The most important things in Simon Murray’s life are football, friends, and film - in that order. His friends despair of him ever meeting someone, but despite his loneliness, Simon is cautious about looking for more. Then his best friends drag him to a party, where he barges into a football conversation and ends up defending the honour of star forward Declan Tyler - unaware that the athlete is present. In that first awkward meeting, neither man has any idea they will change each other's lives forever.
Like his entire family, Simon revels in living in Melbourne, the home of Australian Rules football and mecca for serious fans. There, players are treated like gods - until they do something to fall out of public favour. This year, the public is taking Declan to task for suffering injuries outside his control, so Simon's support is a bright spot.
But as Simon and Declan fumble toward a relationship, keeping Declan's homosexuality a secret from well-meaning friends and an increasingly suspicious media becomes difficult. Nothing can stay hidden forever. Soon Declan will have to choose between the career he loves and the man he wants, and Simon has never been known to make things easy - for himself or for others.
©2009 Sean Kennedy (P)2013 Sean Kennedy
No, I am australian. Worse than that Melbournian. This story was about my home town and the narrator mispronounced...A lot!
This is a great story and better yet the places described are places in my memory. I no longer live in melbourne so this brought up real feelings of nostalgia and made me miss my home. I could see the characters walking down the same streets i had walked down. I could imaging meeting Simon at fed square for one of the many film festivals. I know who the douchebag footy show presenter is, referenced in the book. (looking at YOU sam neuman!) I can imagine Declan living in the docklands and it brought a feeling of realism that i rarely get to enjoy. I think i even know the general area that Simon worked. But the the narrator would say Bork st instead of Bourke st (pronounced burk) or Etihard instead of Etihad (pronounced eti-had) and it would draw me away from the story and bring me out of the fantasy. Oh and Melbourne, pretty much pronounced Melbin and BrisBAIN Brisb'n...grrr
the proformance wasn't BAD but it did detract from the story simply because of the accent. this was a really REALLY Australian story and it needed an Australian narrator. I will need to get a print copy and read it with my own accent to really get lost in the story/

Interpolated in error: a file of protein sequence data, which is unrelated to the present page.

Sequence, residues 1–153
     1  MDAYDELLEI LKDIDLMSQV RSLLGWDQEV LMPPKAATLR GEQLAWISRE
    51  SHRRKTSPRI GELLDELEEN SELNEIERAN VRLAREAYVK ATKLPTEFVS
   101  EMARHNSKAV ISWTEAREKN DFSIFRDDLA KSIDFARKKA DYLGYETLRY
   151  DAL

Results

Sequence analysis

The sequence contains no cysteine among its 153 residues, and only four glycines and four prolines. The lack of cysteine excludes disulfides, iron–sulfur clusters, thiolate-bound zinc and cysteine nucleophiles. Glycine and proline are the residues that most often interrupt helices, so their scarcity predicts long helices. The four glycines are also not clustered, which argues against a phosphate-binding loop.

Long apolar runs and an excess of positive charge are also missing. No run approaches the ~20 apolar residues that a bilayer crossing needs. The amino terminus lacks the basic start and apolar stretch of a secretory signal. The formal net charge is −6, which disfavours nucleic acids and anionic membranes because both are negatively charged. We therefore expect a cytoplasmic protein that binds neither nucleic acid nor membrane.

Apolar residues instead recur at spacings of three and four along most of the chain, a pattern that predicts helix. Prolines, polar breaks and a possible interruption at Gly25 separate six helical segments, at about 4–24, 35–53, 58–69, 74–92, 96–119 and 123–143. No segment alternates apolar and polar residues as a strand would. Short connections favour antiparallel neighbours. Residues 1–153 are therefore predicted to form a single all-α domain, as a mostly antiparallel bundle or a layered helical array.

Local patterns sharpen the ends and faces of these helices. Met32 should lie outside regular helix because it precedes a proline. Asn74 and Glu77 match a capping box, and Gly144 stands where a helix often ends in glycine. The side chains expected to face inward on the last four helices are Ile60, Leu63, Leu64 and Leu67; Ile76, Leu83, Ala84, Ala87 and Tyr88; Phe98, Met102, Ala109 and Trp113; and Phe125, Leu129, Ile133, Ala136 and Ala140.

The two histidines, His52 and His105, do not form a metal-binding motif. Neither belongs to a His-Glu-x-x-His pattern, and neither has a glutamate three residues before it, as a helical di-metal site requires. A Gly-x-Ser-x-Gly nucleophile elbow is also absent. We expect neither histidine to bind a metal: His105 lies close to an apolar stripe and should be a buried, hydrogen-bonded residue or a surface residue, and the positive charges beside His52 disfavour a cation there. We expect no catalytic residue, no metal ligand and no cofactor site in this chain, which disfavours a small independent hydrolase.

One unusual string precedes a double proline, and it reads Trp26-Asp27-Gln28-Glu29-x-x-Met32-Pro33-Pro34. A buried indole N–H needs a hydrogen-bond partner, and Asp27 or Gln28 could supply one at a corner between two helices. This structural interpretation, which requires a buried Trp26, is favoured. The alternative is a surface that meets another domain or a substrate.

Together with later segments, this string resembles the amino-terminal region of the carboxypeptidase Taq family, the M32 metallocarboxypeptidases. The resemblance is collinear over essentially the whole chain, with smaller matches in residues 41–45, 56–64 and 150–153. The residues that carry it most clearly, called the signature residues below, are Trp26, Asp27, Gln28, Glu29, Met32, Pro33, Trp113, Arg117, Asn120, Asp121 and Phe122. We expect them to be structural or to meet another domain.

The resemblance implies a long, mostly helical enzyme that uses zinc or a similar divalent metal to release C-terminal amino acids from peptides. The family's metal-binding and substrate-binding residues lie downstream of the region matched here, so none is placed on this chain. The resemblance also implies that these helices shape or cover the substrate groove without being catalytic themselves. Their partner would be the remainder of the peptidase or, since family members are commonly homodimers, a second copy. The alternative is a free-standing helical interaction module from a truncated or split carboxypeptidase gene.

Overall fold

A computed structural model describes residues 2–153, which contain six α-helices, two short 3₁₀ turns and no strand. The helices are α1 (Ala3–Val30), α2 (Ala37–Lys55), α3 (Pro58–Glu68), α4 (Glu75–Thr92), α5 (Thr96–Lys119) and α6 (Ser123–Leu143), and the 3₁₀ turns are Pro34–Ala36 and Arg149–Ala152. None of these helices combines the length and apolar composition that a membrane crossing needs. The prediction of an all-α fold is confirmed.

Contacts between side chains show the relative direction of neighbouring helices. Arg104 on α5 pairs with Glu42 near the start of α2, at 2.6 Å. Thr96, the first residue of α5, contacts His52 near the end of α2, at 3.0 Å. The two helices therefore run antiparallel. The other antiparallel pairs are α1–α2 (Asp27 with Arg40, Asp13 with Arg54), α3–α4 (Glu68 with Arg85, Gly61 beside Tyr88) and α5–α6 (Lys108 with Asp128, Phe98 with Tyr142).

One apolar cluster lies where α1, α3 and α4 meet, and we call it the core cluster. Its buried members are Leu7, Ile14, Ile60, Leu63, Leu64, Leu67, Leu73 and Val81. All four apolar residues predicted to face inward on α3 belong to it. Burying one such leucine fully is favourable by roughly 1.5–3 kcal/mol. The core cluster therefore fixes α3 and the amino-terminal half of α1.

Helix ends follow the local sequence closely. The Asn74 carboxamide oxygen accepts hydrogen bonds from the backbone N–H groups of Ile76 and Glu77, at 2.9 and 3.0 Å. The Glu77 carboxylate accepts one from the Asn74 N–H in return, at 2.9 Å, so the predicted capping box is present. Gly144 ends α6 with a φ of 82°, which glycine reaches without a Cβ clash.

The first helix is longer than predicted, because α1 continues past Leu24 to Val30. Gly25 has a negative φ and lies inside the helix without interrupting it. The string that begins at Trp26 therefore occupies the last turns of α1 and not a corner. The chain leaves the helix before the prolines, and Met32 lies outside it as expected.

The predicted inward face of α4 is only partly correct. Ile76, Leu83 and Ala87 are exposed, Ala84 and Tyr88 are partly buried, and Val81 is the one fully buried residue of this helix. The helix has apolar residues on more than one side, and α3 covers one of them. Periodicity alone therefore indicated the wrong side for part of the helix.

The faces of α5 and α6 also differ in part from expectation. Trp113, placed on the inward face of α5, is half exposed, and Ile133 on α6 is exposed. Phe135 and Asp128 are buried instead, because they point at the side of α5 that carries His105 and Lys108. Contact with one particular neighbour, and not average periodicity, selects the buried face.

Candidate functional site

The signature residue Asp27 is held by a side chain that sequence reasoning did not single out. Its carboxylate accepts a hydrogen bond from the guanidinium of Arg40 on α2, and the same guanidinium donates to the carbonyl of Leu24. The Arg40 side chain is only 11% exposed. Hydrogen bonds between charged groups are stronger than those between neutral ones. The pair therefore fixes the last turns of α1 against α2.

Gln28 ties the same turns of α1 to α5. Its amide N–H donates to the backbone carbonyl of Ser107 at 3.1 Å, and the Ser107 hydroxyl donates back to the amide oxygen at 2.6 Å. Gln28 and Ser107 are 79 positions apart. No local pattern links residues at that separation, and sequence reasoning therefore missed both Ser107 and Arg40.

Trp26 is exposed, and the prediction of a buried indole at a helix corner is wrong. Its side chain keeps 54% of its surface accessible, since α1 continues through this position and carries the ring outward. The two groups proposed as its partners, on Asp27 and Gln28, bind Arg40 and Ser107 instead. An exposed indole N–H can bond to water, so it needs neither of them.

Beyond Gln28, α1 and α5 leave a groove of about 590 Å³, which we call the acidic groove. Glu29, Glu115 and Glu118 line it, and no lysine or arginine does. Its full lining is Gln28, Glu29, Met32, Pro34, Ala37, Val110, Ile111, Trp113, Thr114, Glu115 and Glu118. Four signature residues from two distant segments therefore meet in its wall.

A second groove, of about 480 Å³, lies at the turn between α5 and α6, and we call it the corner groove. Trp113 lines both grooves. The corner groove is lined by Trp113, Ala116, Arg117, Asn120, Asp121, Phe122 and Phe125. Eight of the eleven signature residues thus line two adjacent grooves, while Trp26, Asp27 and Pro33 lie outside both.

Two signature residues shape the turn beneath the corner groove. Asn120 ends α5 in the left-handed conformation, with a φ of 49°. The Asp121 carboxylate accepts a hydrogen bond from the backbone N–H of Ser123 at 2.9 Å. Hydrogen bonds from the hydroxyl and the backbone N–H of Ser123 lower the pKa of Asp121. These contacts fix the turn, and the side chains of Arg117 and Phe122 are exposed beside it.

I liked Simon. He had the POV and so we had better insight to his motivations and i liked him. Plus a bit of snark never went astray :)
the writing made me laugh out loud many times. the humor is sarcastic, juvenile and understated, just my type. the writing is really good, the characters are well developed and feel real, like people i know. the relationship between the main characters has a natural development, not "i love you" after two days which is both psycho and a really common plot. most of the book is not about building tension between two people but about what it's like to be in a relationship, which to me is more interesting. it's not pseudo-porn, it's actually about real (imaginary) gay people, and that was really refreshing.
sadly, the scenes about what it's like to be in a relationship with a closeted partner. been there, done that, and it's pretty accurate.
a lot of people commented on the narration, and i thought i would be in pain for hours (but the book was cheap, so i bought it anyway). i think they are being a bit dramatic. sure, an australian accent would have been cool, but this narrator did fine. it didn't detract from the book for me.
reading with a coffee in my hands
A decent narration editor
It wasn't the authors fault this was terrible.
It isn't the narrators fault either.
The narration need serious editing. Every DreAmspinner Press book I have listened to in the last few months have been terrible. Clearing throats, repeating lines, drinking water. Why isn't this caught before going out? It had been in EVERY DSP book lately!
I won't buy anymore until I hear they are getting edited.
This is a shame because I hear good things about the authors.
I enjoy audiobooks, with being on the road for work, it helps to pass the time
I already downloaded and read Tigerland on my kindle. My issue with the audiobook had nothing to do with the story it was the editing and the fact that it is a book set in Australia about people from Australia and it is read by an American, who give one minor character a southern accent
I thought it was a good well written story
As above, plus the editing should have been better. Repeated lines, doesn't anyone listen to it through before it was released.
Chris Helmsworth for Declan
Not sure for Simon
Yes, but only if they can't get a hold of the book itself
Decently narrated, but it needed better editing and better casting, and the different voices the narrator used were wrong for the characters (especially the women). The setting of the book is so integral to the story, the narrator really should have been Australian.
Great story. If your looking for some action like in caught running the author cuts out all the naughty bits, so nothing like that.